As you enter the town from the Srinagar side, you see the Suru river on your right, rushing madly into Pakistan. A little beyond, to the north, are the Indian ridges, speckled with forward positions. They are the only protection against the guns from across the border.

On your right you have, again, hills. The town runs by its foot, east to west, for about 2-3 kilometres. First come the residential area, which have not yet been hit, then the market place, which was hit last year, then Lal Chowk and Baru, where the town ends. Baru is where all the government offices were located. Now most have been moved out, though the army is still there. It was here that Monday's strikes killed a civilian.

Another notable thing about Kargil is that most of its citizens are Shia Muslims. They probably feel safer in India, given the reported attacks on them in Pakistan, where they are a minority, by the Sunni majority.

This probably is why that, unlike in the rest of Kashmir, Kargil has never supported separatist militancy. In fact, even when the valley was burning, the township saw no trouble. The residents to whom we spoke were all pro-India; many of them, though apprehensive that the air strikes may lead Kargil into more shelling, supported the action.

People in the valley may be still unimpressed by the Indian government, but the residents of Kargil have no complaints. This is amply reflected by 15-year-old Tasena Akthar Lone.

"Oh good!" she said when told about the air strikes. "They deserve it!"


"Because Pakistan is our enemy and we are Indians!"

But most residents feel little anger towards Pakistan or India. These are, in the words of a state official posted here, "highly submissive" people. People who just want to get on with their lives. People who want only peace. People who are not interested in "Azad" Kashmir, or any other variety for that matter.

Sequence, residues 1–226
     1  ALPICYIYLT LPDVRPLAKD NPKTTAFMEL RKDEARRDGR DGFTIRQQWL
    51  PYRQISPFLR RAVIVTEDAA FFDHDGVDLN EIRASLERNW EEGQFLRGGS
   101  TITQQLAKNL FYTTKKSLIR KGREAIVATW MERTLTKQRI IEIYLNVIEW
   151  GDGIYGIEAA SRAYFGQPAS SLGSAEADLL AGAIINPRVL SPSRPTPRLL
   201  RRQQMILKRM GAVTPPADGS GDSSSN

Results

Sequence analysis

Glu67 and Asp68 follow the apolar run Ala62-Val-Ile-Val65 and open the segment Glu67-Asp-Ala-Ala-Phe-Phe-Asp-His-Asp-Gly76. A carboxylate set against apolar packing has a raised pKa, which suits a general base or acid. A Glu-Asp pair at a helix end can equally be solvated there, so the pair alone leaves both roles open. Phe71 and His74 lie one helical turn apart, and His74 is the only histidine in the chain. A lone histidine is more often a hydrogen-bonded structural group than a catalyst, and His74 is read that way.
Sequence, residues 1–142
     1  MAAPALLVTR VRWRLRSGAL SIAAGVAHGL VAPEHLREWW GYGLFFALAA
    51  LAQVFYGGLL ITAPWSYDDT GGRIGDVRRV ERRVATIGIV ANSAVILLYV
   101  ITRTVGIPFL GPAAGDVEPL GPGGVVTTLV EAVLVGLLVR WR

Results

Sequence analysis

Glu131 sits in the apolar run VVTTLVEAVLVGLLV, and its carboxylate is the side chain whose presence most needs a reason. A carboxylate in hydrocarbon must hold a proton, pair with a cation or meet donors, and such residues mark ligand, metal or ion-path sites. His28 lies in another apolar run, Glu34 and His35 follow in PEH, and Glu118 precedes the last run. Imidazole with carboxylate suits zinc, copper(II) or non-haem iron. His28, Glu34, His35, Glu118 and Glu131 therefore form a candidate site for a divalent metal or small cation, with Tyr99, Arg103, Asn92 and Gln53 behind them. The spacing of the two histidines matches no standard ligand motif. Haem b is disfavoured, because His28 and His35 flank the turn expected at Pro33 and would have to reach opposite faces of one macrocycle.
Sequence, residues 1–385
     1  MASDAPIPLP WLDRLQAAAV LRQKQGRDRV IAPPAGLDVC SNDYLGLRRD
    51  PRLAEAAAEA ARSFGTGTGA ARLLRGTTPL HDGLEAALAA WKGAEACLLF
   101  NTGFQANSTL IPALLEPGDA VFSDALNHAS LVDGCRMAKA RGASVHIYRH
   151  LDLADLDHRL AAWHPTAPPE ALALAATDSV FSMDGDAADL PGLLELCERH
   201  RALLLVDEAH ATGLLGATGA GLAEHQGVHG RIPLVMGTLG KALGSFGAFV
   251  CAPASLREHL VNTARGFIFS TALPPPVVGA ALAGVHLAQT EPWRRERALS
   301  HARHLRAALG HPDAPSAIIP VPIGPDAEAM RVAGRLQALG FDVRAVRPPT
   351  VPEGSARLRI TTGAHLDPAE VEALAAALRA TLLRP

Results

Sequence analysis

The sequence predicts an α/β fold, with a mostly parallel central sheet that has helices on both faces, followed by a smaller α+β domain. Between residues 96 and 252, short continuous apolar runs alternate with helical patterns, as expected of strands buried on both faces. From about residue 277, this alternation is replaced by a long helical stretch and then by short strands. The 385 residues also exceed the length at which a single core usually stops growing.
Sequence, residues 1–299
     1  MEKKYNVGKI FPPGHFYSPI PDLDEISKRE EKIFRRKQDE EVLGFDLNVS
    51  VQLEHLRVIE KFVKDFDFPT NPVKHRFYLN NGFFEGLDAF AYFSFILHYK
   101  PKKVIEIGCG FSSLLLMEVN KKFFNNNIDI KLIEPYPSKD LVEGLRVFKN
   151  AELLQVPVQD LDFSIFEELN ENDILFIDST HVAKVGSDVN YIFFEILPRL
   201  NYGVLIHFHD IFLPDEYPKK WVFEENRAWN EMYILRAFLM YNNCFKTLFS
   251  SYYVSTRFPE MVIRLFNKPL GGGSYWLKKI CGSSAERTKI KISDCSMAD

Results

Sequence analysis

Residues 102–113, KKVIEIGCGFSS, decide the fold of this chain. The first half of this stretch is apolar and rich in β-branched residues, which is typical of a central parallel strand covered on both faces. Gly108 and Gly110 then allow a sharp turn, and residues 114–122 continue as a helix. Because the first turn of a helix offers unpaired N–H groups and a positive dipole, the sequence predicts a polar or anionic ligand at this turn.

So they conduct special prayer meetings to pray that they be saved from shelling. This happens both in the town and villages.

Kargil's troubles also owe their genesis to another fact -- that the Srinagar-Leh highway passes through the town. This is the only road to the Ladakh region and the Siachen glacier. Once it is cut off, the supplies to the Indian Army -- and to civilians too -- will be severed. The alternatives are few -- ferrying cargo by chopper or transport via the Pathankote road, which is over 1,300km long and not operational at present (the distance to Leh from Srinagar is around 450km.)

Kargil is, in fact, so vulnerable that army officers admit Pakistan can take it "any time they want". It is only the fact that there are even more vulnerable areas across the border that restrains the Pakistani forces from acting, they say.